Philip Weiss on Samantha Power

Kevin MacDonald


Samantha Power’s nomination as UN Ambassador is not going over well with some in the Israel Lobby. The JTA reports that the hardline Zionist Organization of America is opposed to her. As a neophyte in championing human rights, Power made the mistake of applying the logic of intervention on behalf of human rights to Israel. In response to a question of “what she would do if ‘one party or another” seemed ready to commit genocide. At the time [2002], Israelis and Palestinians were mired in the second intifada.”

“It seems to me at this stage, and this is true of actual genocides as well and not just major human rights abuses which we’re seeing there, you have to go in as if you’re serious, you have to put something on the line,” she said. That meant taking the billions of dollars “serving Israel’s military” and investing it instead in the state of Palestine and a “mammoth protection force.” Power also noted that taking such a step “might mean alienating a domestic constituency of tremendous political and financial import.”

What?? Jews have power? And they use it to compromise the rights of the Palestinians? And you’re suggesting funding a military force to protect the Palestinians from the Israelis? Perish the thought.

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But not to worry. Philip Weiss’s summary of Power’s relationship with the Israel Lobby shows that there the Lobby need not be concerned. Most tellingly, he quotes pro-Israel fanatic Rabbi Shmuley Boteach on Power:

Typical of her erudition and brilliance, Samantha presented a sweeping view of American policy in the world’s most dangerous region. Then, she directly addressed the accusations that she harbored animus toward Israel. And in the presence of the leaders of our community, she suddenly became deeply emotional and struggled to complete her presentation as she expressed how deeply such accusations had affected her. Tears streamed down her cheeks and I think it fair to say that there was noone in the room who wasn’t deeply moved by this incredible display of pain and emotion. More than a few of the leaders of the room came over to me afterward and said that, based on her comments and her unabashed display of emotional attachment to the security of the Jewish people (it bears mentioning that Samantha’s husband is also Jewish), they would never again question her commitment to Israel’s security.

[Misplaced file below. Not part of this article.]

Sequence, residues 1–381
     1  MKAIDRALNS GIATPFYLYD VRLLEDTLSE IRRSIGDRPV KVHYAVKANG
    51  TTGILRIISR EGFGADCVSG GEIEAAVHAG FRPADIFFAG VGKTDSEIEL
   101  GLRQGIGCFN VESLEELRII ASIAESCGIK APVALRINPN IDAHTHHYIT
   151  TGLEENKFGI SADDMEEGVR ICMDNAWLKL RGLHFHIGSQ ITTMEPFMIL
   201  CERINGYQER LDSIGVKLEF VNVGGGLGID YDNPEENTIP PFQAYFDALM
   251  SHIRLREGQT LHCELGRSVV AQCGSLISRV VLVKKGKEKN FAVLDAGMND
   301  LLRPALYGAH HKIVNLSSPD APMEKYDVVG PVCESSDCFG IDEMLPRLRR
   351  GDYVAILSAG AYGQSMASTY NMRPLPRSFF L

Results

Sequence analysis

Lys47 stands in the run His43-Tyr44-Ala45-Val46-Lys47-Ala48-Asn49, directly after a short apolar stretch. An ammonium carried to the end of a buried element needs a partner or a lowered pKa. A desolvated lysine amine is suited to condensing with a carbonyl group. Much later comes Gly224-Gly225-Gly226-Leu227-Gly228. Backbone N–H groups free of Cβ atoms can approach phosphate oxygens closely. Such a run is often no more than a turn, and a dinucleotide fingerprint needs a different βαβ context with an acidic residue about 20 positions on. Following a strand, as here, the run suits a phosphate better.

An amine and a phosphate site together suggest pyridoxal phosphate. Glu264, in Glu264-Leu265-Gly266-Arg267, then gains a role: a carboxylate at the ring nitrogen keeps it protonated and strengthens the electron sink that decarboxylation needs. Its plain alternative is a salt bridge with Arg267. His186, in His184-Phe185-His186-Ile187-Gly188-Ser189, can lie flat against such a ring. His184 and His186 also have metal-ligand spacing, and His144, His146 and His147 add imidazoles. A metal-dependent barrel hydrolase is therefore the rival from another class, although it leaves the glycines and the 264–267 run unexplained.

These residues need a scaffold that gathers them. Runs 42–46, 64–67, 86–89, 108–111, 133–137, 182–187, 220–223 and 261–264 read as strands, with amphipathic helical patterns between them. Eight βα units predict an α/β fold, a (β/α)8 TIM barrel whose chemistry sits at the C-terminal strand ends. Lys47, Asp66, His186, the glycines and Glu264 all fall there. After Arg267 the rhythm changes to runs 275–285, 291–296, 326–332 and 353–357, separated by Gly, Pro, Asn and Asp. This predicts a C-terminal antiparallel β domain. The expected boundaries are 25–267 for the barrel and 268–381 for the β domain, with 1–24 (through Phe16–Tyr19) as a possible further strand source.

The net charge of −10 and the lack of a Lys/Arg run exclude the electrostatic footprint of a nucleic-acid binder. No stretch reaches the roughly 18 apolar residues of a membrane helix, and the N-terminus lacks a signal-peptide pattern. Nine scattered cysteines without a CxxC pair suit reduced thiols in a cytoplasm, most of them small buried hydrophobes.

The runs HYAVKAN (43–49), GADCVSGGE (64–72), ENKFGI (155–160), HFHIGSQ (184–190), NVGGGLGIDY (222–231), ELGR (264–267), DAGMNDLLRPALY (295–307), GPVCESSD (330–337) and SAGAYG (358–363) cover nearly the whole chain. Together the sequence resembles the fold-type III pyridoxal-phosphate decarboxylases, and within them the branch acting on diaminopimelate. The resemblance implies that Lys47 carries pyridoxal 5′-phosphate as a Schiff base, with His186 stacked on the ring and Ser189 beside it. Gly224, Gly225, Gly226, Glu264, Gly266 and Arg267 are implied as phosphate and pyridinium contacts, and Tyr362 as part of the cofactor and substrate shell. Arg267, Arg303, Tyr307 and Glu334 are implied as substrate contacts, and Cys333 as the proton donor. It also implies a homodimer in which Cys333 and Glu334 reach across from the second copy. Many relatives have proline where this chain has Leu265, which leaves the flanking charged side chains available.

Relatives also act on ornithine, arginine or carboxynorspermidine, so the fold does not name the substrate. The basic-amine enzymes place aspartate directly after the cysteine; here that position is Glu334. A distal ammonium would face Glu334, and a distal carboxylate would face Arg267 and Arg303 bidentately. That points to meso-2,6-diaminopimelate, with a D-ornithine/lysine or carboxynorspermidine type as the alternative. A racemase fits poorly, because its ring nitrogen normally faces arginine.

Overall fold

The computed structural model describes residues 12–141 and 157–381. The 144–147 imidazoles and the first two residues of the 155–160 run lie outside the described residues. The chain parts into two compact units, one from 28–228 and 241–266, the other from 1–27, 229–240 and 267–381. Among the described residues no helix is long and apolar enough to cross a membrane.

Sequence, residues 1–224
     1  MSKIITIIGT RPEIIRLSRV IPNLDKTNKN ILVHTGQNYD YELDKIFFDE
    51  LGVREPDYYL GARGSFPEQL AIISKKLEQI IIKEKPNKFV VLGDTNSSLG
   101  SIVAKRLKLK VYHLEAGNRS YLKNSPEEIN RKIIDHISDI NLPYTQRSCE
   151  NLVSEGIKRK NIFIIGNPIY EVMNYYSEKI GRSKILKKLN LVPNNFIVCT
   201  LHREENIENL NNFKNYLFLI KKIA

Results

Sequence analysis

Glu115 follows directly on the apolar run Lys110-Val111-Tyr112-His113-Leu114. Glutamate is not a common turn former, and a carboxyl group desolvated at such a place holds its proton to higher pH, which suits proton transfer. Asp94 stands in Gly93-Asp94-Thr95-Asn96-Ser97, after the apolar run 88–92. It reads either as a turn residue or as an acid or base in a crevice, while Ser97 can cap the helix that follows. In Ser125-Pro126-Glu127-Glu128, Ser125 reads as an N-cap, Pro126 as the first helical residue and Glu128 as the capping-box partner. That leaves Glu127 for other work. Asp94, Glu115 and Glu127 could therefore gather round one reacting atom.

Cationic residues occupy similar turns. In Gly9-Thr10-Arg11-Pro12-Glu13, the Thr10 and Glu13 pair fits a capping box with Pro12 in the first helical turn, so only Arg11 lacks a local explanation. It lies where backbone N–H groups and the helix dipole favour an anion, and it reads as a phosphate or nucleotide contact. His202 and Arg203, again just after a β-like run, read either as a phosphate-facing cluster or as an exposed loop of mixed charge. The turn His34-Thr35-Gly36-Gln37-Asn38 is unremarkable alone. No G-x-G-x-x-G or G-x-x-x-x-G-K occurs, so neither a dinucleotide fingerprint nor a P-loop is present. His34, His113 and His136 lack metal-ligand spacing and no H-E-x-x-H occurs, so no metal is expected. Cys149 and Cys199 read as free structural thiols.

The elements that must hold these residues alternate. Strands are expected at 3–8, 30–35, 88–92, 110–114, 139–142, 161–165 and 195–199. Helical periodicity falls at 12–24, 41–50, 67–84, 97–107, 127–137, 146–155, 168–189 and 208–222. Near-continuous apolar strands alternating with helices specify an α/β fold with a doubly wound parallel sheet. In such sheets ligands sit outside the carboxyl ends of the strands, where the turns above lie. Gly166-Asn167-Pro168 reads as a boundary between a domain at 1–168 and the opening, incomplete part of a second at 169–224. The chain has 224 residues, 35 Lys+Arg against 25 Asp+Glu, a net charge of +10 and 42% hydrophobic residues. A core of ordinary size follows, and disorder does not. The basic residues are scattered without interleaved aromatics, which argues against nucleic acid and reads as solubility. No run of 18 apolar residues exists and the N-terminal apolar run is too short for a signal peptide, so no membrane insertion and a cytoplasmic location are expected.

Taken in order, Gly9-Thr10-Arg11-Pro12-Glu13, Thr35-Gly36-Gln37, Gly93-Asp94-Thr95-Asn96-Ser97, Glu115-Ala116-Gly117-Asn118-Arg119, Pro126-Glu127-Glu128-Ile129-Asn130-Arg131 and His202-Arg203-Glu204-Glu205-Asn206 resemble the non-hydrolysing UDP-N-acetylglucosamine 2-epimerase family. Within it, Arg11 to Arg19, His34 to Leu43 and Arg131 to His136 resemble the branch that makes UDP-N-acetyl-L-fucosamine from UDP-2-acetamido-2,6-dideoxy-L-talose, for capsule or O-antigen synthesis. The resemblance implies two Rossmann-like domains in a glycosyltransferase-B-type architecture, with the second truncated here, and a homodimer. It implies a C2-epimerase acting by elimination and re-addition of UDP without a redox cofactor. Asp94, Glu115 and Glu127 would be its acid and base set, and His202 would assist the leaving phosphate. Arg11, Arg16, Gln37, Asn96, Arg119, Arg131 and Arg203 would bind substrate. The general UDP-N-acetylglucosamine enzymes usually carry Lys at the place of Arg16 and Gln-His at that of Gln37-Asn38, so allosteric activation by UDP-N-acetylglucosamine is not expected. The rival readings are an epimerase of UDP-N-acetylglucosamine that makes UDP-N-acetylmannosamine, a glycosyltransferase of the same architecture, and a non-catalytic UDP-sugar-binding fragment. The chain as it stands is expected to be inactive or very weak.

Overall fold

Power strikes me as a typical careerist who, despite her earlier spasm of moral consistency, realized that the way to fame and fortune was to make Jewish connections and completely ignore what in 2002 she labeled Israel’s “major human rights abuses.” As Weiss notes, all of the people who promoted the publication of her book on American responses to genocide, A Problem from Hell, are Jews (including Israeli patriots Leon Wieseltier and Martin Peretz). This fact, plus the fact that it didn’t mention Israel,  doubtless aided the reviews and greased the path to the Pulitzer and a Harvard professorship.

Power eventually went all in and married a Jew, Harvard professor Cass Sunstein. She is living in a Jewish world. Even Alan Dershowitz endorses her for UN Amabassador, so we have to assume that she definitely won’t do anything to offend the lobby.

People like Samantha Power are very valuable for the Jewish networks that groomed her for this position. Because they are a small, often mistrusted minority, they cannot expect to always be the public face of particular policy positions. Its well known that Jewish radicals actively recruited non-Jews to be the public face of leftist movements in mid-century America and elsewhere (see link below). A talented non-Jew like Power who is nevertheless intimately enmeshed in Jewish networks is a great asset, especially in an area such as human rights which is a touchstone of Jewish public posturing. Power will ensure that the rhetoric of human rights and anti-genocide will have one important exception so obvious that it need not be named.

Marriage to a Jew has always been regarded as a sure sign that a non-Jew can be trusted. For example, in the USSR in the 1920s:

In addition to the very large overrepresentation of Jews at these levels, there were “a plethora of Jewish wives” among the non-Jewish leaders (p. 49), which must have heightened the Jewish atmosphere of the top levels of the government, given that everyone, especially Stalin, appears to have been quite conscious of ethnicity. … For their part, anti-Semites accused Jews of having “implanted those of their own category as wives and husbands for influential figures and officials” (in Kostyrchenko 1995, 272; italics in text). This point fits well with [Albert] Lindemann’s description [in Esau’s Tears] of gentile Bolsheviks as “jewified non-Jews.” (From Chapter 3 of The Culture of Critique, “Jews and the Left,” p. 95)

Samantha Power has excellent career prospects indeed.

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